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Security Deposit and Landlord's Responsiblities

 

If a landlord takes a security deposit, the law says that she has certain obligations. These obligations include providing you with a written receipt, giving you a statement that describes the condition of your apartment, holding your money in a bank account that is separate from the landlord's money, paying you interest every year, and keeping records of deposits and repairs.

Providing Written Receipts

Never give a landlord cash without getting a written receipt.

If a landlord demands a security deposit or last month's rent payment, the law requires her to give you a written receipt when she takes your money.7 After the landlord deposits the security deposit in a bank, she must give you a second receipt that tells you the name and location of the bank and the account number.8 In addition, at the end of each year of your tenancy, the landlord must give you a statement telling you the amount of interest to which you are entitled on your security deposit and last month's rent payment.9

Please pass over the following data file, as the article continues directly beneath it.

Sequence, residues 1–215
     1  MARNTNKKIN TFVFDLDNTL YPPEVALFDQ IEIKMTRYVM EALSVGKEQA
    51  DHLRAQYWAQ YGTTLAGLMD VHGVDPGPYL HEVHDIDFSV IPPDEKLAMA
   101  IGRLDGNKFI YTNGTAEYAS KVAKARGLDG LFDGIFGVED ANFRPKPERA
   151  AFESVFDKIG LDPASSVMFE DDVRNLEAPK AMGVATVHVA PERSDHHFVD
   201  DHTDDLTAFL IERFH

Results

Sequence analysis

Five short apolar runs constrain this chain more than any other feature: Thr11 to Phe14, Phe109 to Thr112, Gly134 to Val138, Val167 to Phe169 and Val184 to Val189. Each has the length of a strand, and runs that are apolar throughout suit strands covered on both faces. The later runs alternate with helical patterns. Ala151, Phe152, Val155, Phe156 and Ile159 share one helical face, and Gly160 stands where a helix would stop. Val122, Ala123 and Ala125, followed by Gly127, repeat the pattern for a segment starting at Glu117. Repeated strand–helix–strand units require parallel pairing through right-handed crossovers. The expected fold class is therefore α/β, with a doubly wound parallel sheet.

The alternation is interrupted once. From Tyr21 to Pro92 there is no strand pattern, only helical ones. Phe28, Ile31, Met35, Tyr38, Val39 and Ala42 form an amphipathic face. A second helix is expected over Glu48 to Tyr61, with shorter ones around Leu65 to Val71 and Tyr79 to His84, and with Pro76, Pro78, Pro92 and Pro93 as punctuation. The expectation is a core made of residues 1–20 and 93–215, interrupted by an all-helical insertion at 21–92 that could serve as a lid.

The information that must be included in each of these receipts or statements includes:

First Receipt
Security Deposit
Last Month's Rent

Amount of money received

Date money was received

Intended use of the money

Name of person receiving the money

Name of landlord (if different from person receiving the money)

Statement that you are owed interest on the money

Statement that you should give a forwarding address so when you move landlord can send you interest